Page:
In pulling together materials that highlight the integration of social services and advocacy/civic engagement, it occurred to me that I have never shared an analysis of El Centro, Inc’s work in this area through the New Voices at the Civic Table project. I found the report in my files and wanted to share it.
I take some issue with how our work is characterized, but, in the whole, I think that this provides some good additional inspirations for social service organizations seeking to layer organizing and advocacy work into their direct practice. Our work is described as mobilization, which they define as bringing large numbers of constituents together around specific policy priorities or shared interests, which they further contrast with organizing efforts, somewhat puzzlingly defined as including the use of a structured curriculum. I obviously don’t agree that organizing = leadership training, and I further believe that some of the work was organizing; a pure mobilization effort would not have yielded the core group of leaders that animated much of our subsequent mobilization work. In the whole, I remember that the discussion revolved too much around the idea of leadership curricula for my comfort. It makes me wonder if that’s still a focus of their work.
Still, the process of having our leaders interviewed by New Voices staff, receiving a small ($10,000, if I remember correctly–I can’t find the exact dollar amount in my files) grant to build our capacity in this area (it paid for transporting people to rallies, conducting skills trainings with leaders, hosting large community town halls, and other tangible advocacy and organizing costs), and connecting with other organizations engaged in similar work was very valuable. I wish that all social service organizations seeking to make this same ‘leap’ had that kind of support from external bodies.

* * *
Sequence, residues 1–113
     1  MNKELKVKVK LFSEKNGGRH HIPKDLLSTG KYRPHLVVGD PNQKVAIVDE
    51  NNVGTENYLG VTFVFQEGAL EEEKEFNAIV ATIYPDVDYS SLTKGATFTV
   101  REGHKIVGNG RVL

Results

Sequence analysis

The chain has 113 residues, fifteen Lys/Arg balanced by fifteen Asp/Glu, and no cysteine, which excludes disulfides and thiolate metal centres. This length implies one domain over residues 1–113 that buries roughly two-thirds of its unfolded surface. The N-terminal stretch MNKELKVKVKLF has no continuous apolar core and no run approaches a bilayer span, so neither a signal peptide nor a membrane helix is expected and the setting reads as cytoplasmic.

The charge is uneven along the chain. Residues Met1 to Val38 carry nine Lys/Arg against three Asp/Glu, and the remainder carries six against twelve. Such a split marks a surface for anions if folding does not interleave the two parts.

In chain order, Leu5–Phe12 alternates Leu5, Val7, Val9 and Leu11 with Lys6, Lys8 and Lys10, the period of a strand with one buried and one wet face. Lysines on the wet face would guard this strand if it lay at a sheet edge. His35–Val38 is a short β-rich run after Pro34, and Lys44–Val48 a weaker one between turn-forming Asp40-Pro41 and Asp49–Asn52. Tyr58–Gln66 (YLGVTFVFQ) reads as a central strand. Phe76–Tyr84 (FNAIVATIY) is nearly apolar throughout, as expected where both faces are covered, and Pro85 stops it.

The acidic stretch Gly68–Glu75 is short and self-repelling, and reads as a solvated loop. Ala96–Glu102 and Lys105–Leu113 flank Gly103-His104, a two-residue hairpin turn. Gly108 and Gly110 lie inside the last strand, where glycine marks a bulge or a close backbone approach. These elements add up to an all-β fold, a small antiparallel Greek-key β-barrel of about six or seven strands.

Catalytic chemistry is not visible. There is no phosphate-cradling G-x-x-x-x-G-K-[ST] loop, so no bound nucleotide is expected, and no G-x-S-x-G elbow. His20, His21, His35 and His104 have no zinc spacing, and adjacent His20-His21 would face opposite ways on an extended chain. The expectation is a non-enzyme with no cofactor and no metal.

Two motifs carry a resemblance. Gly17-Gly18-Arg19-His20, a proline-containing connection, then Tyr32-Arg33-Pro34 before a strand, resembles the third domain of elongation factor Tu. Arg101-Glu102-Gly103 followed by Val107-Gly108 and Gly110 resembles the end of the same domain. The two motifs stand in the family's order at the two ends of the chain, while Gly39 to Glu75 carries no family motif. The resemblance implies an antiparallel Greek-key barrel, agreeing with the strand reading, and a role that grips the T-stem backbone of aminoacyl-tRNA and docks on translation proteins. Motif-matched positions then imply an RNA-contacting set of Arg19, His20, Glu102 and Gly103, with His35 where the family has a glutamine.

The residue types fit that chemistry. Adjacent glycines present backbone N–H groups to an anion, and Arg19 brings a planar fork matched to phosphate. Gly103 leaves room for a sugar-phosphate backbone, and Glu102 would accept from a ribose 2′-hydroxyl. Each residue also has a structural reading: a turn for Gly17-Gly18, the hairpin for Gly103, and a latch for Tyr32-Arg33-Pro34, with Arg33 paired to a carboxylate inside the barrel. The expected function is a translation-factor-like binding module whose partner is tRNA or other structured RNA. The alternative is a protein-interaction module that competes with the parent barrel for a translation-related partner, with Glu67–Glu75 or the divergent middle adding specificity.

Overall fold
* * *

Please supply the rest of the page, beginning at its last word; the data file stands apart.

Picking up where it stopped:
The report has some very valuable content, too, which makes me sorry that it hasn’t occurred to me to share it earlier! I like the way that they include many voices from participants (here mostly called ‘constituents’) and that they work to give shape to a sort of theory of civic engagement within the social service context. And, perhaps most valuable of all, the New Voices project was one of the first voices calling for attention to this idea that social service organizations can and should play a leading role in engaging marginalized communities in their democracy, in altering political conversations about the issues that most affect those communities, and, in the process, in reshaping the relationship between ‘server’ and ‘served’ within nonprofit human services.
I am proud to have been a part of that effort, and it’s also instructive to look back at the report today, thinking about how El Centro’s work changed even in the several months between the publication of this report and my leaving, and also in light of what I now study and know about this larger movement towards integrating services and organizing, towards seeing that point of service as a catalyst for transformation of a more political, collective sort, and towards viewing that process as an opportunity to transform our sector at the same time.
I’d love to hear what you think, and I’d especially appreciate hearing from anyone who’s involved in this kind of work now, regarding the state of the field today and how case studies like this are helpful (or not!).